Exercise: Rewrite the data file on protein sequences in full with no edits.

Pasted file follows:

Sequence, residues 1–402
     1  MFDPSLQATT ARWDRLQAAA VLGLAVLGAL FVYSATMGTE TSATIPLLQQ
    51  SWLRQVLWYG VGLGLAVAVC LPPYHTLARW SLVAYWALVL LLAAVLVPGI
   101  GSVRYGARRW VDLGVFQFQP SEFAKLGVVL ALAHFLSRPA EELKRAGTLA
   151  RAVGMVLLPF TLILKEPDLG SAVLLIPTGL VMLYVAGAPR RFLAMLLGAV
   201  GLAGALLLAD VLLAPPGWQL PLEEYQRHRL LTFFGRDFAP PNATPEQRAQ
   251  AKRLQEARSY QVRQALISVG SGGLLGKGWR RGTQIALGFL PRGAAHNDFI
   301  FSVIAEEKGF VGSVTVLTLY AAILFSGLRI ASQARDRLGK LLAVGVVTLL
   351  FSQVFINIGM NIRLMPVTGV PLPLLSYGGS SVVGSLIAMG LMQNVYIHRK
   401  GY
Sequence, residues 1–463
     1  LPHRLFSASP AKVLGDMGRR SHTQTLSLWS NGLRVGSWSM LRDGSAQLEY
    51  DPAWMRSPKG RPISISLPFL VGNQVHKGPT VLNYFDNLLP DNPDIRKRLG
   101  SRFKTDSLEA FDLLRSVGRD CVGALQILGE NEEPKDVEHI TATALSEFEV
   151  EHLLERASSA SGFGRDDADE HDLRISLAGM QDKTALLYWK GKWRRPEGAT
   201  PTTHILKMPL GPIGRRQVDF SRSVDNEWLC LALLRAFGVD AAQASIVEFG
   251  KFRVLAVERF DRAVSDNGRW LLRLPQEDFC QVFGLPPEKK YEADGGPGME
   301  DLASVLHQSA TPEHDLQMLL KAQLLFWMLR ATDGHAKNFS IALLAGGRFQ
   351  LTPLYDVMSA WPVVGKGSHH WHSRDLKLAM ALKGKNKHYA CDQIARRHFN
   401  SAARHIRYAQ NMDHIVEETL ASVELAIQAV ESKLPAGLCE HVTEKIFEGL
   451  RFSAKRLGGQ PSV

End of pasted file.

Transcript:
Sequence, residues 1–402
     1  MFDPSLQATT ARWDRLQAAA VLGLAVLGAL FVYSATMGTE TSATIPLLQQ
    51  SWLRQVLWYG VGLGLAVAVC LPPYHTLARW SLVAYWALVL LLAAVLVPGI
   101  GSVRYGARRW VDLGVFQFQP SEFAKLGVVL ALAHFLSRPA EELKRAGTLA
   151  RAVGMVLLPF TLILKEPDLG SAVLLIPTGL VMLYVAGAPR RFLAMLLGAV
   201  GLAGALLLAD VLLAPPGWQL PLEEYQRHRL LTFFGRDFAP PNATPEQRAQ
   251  AKRLQEARSY QVRQALISVG SGGLLGKGWR RGTQIALGFL PRGAAHNDFI
   301  FSVIAEEKGF VGSVTVLTLY AAILFSGLRI ASQARDRLGK LLAVGVVTLL
   351  FSQVFINIGM NIRLMPVTGV PLPLLSYGGS SVVGSLIAMG LMQNVYIHRK
   401  GY
Sequence, residues 1–463
     1  LPHRLFSASP AKVLGDMGRR SHTQTLSLWS NGLRVGSWSM LRDGSAQLEY
    51  DPAWMRSPKG RPISISLPFL VGNQVHKGPT VLNYFDNLLP DNPDIRKRLG
   101  SRFKTDSLEA FDLLRSVGRD CVGALQILGE NEEPKDVEHI TATALSEFEV
   151  EHLLERASSA SGFGRDDADE HDLRISLAGM QDKTALLYWK GKWRRPEGAT
   201  PTTHILKMPL GPIGRRQVDF SRSVDNEWLC LALLRAFGVD AAQASIVEFG
   251  KFRVLAVERF DRAVSDNGRW LLRLPQEDFC QVFGLPPEKK YEADGGPGME
   301  DLASVLHQSA TPEHDLQMLL KAQLLFWMLR ATDGHAKNFS IALLAGGRFQ
   351  LTPLYDVMSA WPVVGKGSHH WHSRDLKLAM ALKGKNKHYA CDQIARRHFN
   401  SAARHIRYAQ NMDHIVEETL ASVELAIQAV ESKLPAGLCE HVTEKIFEGL
   451  RFSAKRLGGQ PSV